Today it’s even more complicated with all the IRS paperwork issues. A minor who renounces can claim his U.S. citizenship back upon adulthood through a fairly simple administrative procedure (INA § 351(b), 22 CFR 50.20). But an eighteen-year-old whose parents chose U.S. citizenship for him because they wanted to “keep his options open”, but never filed his Form 8621s and 8938s, has just six months to figure out the far more complicated procedures for renunciation if he wants a free pass out of being deemed a “covered expatriate”. I suppose the IRS wouldn’t go after him if he later falsely certified under penalty of perjury that he’s complied with all his filing obligations for the past five years; unless he’s a wealthy heir he probably doesn’t have any assets to make it worth their time. But you never know — if Jack Reed had his way, Scott and everyone like him would be permanent exiles who couldn’t even go visit their U.S.-based grandparents.
Will Reed, world citizen
And other Americans have dropped their citizenship because they simply could not obey the laws of the land — or often, the laws of lands to which they moved. William Floyd Reed (24), a former first lieutenant in the U.S. Army in Vietnam, talked through his detention bars in Bangkok to an American visitor about the events that led to his renunciation of his U.S. citizenship. Reed’s cell in the substandard prison was dark. There were no lights turned on in the daytime, Reed wore dark glasses.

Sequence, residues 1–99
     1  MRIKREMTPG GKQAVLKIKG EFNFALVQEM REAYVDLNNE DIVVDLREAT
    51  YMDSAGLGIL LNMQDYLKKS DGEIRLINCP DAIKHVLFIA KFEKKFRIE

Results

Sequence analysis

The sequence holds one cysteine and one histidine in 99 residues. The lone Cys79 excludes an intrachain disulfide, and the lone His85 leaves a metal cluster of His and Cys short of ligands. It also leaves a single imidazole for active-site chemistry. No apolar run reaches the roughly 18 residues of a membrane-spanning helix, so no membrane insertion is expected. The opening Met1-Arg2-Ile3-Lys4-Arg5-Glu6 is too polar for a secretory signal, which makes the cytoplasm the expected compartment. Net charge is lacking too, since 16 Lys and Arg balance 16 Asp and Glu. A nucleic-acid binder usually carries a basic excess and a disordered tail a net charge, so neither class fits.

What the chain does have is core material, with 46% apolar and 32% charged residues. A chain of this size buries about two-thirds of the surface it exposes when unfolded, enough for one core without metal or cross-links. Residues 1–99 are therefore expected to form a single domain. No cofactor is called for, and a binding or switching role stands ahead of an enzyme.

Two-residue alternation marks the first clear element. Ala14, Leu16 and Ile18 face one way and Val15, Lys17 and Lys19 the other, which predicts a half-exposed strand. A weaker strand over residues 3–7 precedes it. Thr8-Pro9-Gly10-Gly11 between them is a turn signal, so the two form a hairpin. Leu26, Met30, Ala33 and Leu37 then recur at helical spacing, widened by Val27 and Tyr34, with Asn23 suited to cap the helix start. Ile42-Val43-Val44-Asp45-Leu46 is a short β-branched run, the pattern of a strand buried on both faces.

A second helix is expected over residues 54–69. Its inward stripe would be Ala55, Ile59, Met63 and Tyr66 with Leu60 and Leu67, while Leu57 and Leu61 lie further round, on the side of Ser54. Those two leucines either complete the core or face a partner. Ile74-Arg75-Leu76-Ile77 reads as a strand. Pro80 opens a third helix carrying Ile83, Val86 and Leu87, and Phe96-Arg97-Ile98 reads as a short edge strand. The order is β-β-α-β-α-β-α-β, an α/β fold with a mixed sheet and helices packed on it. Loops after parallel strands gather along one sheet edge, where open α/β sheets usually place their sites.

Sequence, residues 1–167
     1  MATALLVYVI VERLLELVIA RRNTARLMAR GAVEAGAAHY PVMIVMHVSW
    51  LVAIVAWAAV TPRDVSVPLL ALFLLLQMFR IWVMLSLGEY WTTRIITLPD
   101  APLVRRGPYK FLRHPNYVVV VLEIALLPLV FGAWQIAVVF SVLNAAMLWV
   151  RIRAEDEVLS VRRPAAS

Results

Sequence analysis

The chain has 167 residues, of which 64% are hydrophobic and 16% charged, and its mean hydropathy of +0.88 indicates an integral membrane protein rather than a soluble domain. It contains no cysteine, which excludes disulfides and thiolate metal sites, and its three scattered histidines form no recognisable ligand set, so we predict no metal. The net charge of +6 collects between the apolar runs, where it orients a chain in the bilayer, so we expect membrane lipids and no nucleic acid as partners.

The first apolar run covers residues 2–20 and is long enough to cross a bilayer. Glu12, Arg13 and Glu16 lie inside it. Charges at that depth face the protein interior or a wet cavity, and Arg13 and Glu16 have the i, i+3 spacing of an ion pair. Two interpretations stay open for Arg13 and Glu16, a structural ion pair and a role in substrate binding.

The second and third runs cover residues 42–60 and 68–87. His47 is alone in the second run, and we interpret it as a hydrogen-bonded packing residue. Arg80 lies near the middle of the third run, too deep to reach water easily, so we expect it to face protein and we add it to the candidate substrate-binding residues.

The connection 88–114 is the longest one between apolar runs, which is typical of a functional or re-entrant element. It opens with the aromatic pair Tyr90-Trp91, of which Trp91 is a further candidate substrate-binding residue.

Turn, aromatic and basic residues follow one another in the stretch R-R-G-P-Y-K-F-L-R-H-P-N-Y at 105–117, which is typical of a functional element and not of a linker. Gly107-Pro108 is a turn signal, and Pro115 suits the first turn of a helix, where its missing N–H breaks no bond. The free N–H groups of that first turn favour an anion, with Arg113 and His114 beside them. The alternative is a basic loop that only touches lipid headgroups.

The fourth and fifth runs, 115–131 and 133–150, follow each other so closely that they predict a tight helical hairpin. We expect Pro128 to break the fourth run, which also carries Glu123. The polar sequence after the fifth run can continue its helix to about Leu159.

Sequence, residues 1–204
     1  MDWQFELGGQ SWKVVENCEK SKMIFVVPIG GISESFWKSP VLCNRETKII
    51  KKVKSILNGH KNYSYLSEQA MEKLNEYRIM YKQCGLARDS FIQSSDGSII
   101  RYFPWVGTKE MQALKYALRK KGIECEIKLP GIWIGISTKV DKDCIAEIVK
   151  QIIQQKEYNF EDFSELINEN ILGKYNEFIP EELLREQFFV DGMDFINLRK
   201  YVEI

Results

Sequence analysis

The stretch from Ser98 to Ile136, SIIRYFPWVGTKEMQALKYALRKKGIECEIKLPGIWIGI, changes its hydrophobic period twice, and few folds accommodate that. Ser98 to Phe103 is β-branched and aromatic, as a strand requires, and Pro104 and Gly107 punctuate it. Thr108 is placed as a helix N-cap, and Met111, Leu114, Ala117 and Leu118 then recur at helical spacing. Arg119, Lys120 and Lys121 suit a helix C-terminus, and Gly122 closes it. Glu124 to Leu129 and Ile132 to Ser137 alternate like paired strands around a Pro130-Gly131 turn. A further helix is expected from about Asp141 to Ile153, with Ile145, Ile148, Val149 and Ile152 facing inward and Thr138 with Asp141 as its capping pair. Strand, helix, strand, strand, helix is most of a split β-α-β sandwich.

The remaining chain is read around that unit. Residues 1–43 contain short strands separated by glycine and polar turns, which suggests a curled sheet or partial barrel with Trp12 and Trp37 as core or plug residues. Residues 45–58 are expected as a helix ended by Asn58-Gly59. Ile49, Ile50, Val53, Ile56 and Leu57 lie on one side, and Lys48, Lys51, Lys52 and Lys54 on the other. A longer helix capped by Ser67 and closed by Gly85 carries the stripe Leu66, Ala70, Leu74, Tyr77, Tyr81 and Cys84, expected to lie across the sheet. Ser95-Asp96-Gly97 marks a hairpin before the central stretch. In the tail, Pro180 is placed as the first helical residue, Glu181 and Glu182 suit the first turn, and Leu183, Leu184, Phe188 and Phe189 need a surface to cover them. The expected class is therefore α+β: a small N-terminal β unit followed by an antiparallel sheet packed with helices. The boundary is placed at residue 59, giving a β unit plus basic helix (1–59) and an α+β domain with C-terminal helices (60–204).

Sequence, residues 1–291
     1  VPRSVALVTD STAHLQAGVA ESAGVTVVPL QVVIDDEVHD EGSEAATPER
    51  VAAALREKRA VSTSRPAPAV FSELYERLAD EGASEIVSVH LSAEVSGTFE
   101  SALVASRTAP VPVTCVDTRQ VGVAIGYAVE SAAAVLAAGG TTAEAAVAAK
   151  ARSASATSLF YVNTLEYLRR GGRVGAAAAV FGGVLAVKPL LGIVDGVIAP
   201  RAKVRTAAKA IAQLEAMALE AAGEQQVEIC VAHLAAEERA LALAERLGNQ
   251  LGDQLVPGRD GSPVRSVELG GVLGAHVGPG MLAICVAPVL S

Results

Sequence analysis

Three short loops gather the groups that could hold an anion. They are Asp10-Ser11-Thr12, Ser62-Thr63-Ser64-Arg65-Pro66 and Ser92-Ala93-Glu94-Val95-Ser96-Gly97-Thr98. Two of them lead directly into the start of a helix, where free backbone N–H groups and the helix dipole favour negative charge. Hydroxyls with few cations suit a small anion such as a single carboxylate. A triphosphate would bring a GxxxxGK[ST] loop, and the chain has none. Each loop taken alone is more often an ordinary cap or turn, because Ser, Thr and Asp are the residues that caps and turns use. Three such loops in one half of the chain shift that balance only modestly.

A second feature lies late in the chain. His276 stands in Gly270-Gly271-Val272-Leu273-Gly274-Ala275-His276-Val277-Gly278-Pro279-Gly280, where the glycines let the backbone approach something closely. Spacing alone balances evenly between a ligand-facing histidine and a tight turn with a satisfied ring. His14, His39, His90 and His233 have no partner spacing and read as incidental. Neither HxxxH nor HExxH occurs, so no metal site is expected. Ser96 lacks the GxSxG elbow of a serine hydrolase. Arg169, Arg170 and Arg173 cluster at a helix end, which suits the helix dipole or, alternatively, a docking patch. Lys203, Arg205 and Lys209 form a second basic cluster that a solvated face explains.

Reed, formerly of Parshall, Colo., said he got mixed up with the wrong crowd when he was in Vietnam. He said he engaged in various criminal activities. After an honorable discharge from the military Reed was arrested on his return to the United Stales by customs officials. They found a $100 counterfeit bill and a quarter-ounce of opium on him.
Reed told authorities what he knew about illegal activities in Saigon in exchange for a misdemeanor charge. He returned to Saigon as a free-lance photographer. He was accredited with a wire service giving him access to military transport and entry to bases. The U.S. military arrested him and turned him over to the Vietnamese on charges of smuggling, possessing false papers and carrying a weapon without a license. He was released and two months later the U.S. military picked Reed up again and put him in solitary confinement on similar charges, and said he was then turned over to local authorities. He said an American embassy official told him the embassy would pay his way as far as Bangkok if he would leave Vietnam voluntarily.
The lieutenant agreed and went and turned in his passport for the proper stamping but the embassy revoked the document. Reed then renounced his citizenship. He started making the rounds of embassies in Southeast Asia asking for travel documents or asylum when he was jailed in Bangkok for illegal entry. After some months of detention Reed wrote Garry Davis asking for a world citizen passport. Davis sent one and it sprang Reed from jail. The document also took Reed across a dozen frontiers with visas to France.